An accountant is a common career choice for those with an analytical mindset and a desire to work with business or personal financial data. An accountant primarily provides in-depth analysis and accurate reporting on financial records, most often completed as a supporting role to a chief financial officer (CFO) or a company's finance department. Accountants also work directly with individuals to review financial records for tax filing. An individual trained as an accountant has the opportunity to work in a small, medium or large company in either the public or private sector, as an independent in his own firm or as a consultant or contractor to companies or nonprofit organizations.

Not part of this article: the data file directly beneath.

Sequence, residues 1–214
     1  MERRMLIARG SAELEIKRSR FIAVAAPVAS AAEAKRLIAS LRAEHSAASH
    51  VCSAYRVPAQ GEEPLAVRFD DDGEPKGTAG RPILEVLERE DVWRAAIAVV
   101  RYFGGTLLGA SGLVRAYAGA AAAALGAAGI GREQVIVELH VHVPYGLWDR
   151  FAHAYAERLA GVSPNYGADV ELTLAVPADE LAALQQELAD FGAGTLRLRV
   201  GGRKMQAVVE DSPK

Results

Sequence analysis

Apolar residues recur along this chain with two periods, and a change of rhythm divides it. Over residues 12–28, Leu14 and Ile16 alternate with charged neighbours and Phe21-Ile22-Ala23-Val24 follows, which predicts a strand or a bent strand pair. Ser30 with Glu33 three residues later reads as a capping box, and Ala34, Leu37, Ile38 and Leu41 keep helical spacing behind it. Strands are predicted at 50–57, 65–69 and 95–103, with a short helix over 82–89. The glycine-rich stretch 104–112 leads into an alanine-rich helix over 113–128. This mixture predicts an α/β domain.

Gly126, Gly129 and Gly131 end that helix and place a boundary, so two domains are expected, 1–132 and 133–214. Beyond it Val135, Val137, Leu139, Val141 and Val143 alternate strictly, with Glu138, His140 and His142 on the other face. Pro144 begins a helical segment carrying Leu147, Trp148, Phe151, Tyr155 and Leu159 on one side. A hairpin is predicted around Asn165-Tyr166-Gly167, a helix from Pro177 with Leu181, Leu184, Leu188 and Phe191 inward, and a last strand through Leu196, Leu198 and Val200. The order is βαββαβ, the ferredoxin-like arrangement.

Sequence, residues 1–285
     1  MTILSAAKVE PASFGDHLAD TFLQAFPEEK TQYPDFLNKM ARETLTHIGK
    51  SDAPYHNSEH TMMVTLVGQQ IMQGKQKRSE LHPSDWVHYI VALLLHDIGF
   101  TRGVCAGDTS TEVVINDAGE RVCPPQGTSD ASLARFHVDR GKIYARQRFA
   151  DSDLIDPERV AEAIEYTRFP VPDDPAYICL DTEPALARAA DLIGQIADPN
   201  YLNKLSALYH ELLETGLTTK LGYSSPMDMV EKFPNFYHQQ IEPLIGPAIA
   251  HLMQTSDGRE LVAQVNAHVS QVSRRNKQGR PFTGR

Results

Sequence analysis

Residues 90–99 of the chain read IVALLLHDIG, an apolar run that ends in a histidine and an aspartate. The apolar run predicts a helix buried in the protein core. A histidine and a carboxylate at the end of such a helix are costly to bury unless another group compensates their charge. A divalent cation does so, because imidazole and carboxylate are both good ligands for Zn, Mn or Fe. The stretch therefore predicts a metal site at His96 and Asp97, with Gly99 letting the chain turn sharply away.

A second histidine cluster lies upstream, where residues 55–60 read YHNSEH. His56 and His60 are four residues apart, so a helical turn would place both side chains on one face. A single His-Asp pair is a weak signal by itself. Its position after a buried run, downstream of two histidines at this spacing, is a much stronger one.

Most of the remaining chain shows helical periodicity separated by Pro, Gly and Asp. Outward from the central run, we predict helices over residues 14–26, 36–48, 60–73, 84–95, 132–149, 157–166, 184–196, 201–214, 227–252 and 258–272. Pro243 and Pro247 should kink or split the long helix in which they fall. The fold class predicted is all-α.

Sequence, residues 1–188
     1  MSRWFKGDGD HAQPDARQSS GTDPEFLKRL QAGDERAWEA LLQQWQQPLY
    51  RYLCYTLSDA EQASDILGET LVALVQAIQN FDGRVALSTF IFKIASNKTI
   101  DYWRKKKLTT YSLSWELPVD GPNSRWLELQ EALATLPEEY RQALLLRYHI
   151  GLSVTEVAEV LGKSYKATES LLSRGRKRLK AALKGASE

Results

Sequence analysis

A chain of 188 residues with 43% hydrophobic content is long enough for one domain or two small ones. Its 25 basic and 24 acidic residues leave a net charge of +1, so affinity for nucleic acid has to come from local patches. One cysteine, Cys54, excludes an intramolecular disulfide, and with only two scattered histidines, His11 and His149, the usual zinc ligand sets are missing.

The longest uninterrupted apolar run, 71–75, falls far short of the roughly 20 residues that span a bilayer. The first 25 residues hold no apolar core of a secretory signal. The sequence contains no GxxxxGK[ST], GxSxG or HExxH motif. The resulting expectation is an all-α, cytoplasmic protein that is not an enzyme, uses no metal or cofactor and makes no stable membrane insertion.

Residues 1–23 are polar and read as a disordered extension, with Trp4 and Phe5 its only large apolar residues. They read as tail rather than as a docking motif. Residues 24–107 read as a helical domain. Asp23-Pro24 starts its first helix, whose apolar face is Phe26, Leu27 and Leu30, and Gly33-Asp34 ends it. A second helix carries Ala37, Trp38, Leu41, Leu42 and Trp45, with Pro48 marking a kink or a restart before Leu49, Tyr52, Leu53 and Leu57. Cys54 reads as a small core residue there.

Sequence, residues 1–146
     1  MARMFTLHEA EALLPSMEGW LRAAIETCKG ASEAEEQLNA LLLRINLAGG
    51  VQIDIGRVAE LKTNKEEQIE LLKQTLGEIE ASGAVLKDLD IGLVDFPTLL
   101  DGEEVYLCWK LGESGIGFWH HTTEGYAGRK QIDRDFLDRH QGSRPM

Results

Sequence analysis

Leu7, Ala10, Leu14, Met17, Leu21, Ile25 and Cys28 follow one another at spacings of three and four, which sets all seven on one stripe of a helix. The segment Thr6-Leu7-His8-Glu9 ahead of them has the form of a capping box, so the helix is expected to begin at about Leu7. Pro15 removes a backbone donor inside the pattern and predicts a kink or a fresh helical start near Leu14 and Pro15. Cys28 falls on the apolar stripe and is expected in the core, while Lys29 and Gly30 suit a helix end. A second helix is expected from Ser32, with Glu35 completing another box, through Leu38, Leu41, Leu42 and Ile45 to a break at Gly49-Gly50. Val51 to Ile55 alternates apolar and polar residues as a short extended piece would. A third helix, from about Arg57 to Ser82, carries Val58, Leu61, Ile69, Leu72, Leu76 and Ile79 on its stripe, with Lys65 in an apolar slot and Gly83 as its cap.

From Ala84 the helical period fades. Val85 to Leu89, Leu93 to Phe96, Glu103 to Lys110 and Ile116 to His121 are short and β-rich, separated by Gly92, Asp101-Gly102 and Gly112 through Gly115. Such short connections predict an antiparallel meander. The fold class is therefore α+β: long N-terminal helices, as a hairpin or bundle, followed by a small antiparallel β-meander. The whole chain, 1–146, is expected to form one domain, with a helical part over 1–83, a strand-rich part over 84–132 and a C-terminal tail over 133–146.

An accountant utilizes education or experience in the realm of business, finance or accounting to examine the accuracy of financial statements. Accountants ensure all financial records and statements, such as the balance sheet, income and loss statement, cash-flow statement and tax return, are in line with federal laws and regulations and generally accepted accounting principles (GAAP). Accountants also compile the information needed to prepare entries to company accounts, such as the general ledger, and they document business financial transactions over time. This information is used to prepare weekly, monthly, quarterly or annual closing statements and cost accounting reports. Accountants must also resolve any discrepancies or irregularities they find in records, statements or documented transactions. They typically observe established accounting control procedures through an accounting system or software program.